The Queen’s Jubilee: a reflection on music

As the Queen’s Jubilee approaches, and celebrations begin around the country and further afield, this sure is a time to celebrate and commemorate the Queen and the contributions she has made over the past 70 years. Throughout the centuries, monarchs have made their mark on our musical history. From royal commissions for coronations, weddings and funerals, to works by monarchs themselves, the royal families of the world have left us a rich musical legacy. Let us celebrate Queen Elizabeth II with music which defined her life and reign. 

Here at Ambie, we are passionate about all things music, so in honour of the Queen, we’ve delved deeper into her love and appreciation for music, some key stars who have been knighted as well as some of her top songs. Even before being crowned, the Queen showed an interest and aptitude for music learning piano at the ripe age of just 11, and throughout her early life was tutored in madrigal practice by Sir William Henry Harris alongside her sister Margaret. She continued to enjoy and practice music throughout her youth and in 1946 was an Honorary Bachelor of Music degree from the University of London, 6 years before ascending the throne. This is, therefore, fittingly symbolic of her commitment to music.

Queen’s Medal for Music

As well as being a lover of music, the Queen has always been a champion of artists too, giving significant praise and awards to musicians. The one such prize is the Queen’s Medal for Music which began in 2005 and has since been awarded to composers, conductors, pianists, organists, and classical vocalists. This Medal is awarded annually to an outstanding individual or group of musicians who have had a major influence on the musical life of the nation. The first award was given to Sir Charles Mackerras CBE, and the latest winner in 2021 was John Wallace CBE.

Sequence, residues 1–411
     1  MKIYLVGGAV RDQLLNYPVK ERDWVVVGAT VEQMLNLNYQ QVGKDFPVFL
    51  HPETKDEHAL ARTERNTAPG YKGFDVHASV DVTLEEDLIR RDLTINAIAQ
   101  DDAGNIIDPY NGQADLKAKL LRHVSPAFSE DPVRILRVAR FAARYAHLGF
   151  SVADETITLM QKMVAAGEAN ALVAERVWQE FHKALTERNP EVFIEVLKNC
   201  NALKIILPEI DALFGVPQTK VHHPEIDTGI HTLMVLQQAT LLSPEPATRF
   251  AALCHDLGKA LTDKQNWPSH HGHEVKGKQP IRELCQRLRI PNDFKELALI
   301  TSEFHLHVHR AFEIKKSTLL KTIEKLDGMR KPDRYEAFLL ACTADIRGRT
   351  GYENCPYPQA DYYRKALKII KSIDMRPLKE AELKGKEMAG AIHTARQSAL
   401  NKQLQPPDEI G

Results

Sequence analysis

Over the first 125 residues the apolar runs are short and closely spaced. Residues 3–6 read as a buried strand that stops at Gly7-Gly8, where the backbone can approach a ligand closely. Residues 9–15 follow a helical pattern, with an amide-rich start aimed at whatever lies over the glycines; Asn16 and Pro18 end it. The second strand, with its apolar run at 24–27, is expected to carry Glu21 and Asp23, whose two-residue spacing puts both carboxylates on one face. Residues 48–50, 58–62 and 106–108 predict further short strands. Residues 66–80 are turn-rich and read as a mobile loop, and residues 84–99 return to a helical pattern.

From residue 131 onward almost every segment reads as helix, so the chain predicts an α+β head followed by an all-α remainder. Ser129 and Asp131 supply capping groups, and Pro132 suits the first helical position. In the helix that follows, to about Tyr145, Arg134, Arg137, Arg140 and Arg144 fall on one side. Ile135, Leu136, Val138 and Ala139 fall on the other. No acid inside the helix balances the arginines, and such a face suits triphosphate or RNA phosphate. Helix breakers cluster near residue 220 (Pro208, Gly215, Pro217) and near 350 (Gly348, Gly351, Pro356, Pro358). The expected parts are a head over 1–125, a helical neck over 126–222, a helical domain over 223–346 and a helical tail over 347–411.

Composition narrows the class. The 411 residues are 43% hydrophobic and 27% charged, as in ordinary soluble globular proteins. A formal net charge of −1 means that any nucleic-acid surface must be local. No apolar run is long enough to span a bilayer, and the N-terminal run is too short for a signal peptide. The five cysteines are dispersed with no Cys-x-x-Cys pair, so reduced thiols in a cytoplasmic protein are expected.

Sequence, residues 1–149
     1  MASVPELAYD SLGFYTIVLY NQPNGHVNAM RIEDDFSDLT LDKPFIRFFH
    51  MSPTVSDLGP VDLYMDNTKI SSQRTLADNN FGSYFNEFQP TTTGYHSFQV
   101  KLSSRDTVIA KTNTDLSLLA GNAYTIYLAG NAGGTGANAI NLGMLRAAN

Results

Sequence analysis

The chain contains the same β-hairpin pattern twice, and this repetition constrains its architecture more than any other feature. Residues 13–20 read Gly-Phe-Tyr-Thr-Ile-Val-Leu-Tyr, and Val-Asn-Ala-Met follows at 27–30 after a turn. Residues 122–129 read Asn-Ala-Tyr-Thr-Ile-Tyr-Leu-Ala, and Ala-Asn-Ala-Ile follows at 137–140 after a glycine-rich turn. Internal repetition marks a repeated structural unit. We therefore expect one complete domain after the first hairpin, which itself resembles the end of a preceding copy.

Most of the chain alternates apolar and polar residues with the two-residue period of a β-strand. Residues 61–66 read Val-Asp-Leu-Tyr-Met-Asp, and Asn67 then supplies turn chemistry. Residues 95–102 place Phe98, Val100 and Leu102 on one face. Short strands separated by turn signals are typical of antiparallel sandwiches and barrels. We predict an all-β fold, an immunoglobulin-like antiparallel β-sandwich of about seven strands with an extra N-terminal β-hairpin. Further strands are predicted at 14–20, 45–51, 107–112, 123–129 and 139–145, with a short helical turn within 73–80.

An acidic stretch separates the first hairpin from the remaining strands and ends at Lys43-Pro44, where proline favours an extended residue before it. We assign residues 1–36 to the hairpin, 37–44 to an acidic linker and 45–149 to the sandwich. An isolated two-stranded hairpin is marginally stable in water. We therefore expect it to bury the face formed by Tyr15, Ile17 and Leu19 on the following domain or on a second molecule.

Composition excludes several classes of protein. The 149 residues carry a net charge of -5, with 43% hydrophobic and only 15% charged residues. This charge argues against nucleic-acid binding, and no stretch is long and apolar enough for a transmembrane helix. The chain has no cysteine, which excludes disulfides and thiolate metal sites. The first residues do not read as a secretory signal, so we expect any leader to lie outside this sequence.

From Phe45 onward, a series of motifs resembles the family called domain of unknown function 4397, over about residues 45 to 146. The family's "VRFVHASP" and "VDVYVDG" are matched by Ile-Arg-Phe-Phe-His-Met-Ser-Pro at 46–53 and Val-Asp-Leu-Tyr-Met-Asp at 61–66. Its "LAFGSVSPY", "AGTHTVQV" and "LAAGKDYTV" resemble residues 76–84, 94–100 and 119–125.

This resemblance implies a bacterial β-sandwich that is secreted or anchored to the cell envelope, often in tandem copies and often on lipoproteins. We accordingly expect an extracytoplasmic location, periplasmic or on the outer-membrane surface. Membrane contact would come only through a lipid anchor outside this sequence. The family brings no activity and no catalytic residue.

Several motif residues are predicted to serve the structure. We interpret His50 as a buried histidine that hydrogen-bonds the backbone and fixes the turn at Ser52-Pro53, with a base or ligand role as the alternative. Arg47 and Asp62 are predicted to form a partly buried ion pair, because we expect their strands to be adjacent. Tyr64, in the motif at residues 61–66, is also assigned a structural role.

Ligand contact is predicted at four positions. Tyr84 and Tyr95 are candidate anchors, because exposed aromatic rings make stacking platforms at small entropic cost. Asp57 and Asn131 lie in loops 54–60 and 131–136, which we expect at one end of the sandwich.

“I am honoured and humbled to accept this award.  I work with many teams of inspiring musicians across every genre of music and aspect of music education in Scotland. I just light the touch-paper and stand back. This award is recognition of the indomitable spirit of those musicians.”

John Wallace CBE

Musicians given the Royal nod

The Queen is no stranger to popular music either though. Over the past years, the Queen has given the highest honours to some of the country’s biggest names in popular music and philanthropic musicians. Below are just some of these legends who have been knighted:

Bob Geldof – knighted in 1986 for his contributions to humanitarian efforts

Bob Geldof was the lead singer of the Irish post-punk era band, The Boomtown Rats. In 1984, Geldof and Midge Ure founded the “Band Aid” organisation to raise funding and awareness for those suffering from starvation in Africa. Geldof’s organisation started the famous “Live Aid” concerts in 1985.

Evelyn Glennie – knighted in 1993 for her contributions to classical music

Dame Evelyn Glennie is one of the most famous percussionists in the world. Despite being completely deaf, her talents have earned her 15 honorary doctorates from some of the most prestigious global universities. She has performed with some of the most talented orchestras in the world and been featured on recordings with members of Genesis, Bjork, Bela Fleck, and Bob McFerrin.

Cliff Richard – knighted in 1995 for his musical merits

Sir Clifford Richard is the 3rd best-selling singles artist in the UK. He and Elvis Presley are the only two solo musicians in history to have had a single make the UK Singles Chart in its first six decades of existence. He is the only musician to have a #1 hit on the UK Singles chart in 5 consecutive decades.  An actively practicing philanthropist, he has always given 10%+ of his annual income to charity, specifically Alzheimer’s research, and to causes that work to eliminate poverty.